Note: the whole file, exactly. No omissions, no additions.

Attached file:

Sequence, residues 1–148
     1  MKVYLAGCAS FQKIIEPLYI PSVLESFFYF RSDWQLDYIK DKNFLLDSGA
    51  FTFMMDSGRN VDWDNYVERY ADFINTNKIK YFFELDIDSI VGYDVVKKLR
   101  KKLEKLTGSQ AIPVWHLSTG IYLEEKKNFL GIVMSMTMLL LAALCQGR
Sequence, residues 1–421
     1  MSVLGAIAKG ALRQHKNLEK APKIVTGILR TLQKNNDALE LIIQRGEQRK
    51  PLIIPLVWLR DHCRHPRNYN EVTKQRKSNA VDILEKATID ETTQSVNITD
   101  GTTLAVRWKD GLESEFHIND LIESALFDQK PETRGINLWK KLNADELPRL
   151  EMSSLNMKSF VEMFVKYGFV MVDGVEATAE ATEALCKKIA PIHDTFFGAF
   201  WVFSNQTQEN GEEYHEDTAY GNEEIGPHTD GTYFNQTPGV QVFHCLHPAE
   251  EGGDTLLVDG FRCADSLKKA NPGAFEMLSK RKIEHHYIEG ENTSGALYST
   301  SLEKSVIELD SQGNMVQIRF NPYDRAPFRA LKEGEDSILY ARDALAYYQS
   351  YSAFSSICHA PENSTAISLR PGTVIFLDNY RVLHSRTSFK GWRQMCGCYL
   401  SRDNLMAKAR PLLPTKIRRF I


Sequence, residues 1–148
     1  MKVYLAGCAS FQKIIEPLYI PSVLESFFYF RSDWQLDYIK DKNFLLDSGA
    51  FTFMMDSGRN VDWDNYVERY ADFINTNKIK YFFELDIDSI VGYDVVKKLR
   101  KKLEKLTGSQ AIPVWHLSTG IYLEEKKNFL GIVMSMTMLL LAALCQGR
Sequence, residues 1–421
     1  MSVLGAIAKG ALRQHKNLEK APKIVTGILR TLQKNNDALE LIIQRGEQRK
    51  PLIIPLVWLR DHCRHPRNYN EVTKQRKSNA VDILEKATID ETTQSVNITD
   101  GTTLAVRWKD GLESEFHIND LIESALFDQK PETRGINLWK KLNADELPRL
   151  EMSSLNMKSF VEMFVKYGFV MVDGVEATAE ATEALCKKIA PIHDTFFGAF
   201  WVFSNQTQEN GEEYHEDTAY GNEEIGPHTD GTYFNQTPGV QVFHCLHPAE
   251  EGGDTLLVDG FRCADSLKKA NPGAFEMLSK RKIEHHYIEG ENTSGALYST
   301  SLEKSVIELD SQGNMVQIRF NPYDRAPFRA LKEGEDSILY ARDALAYYQS
   351  YSAFSSICHA PENSTAISLR PGTVIFLDNY RVLHSRTSFK GWRQMCGCYL
   401  SRDNLMAKAR PLLPTKIRRF I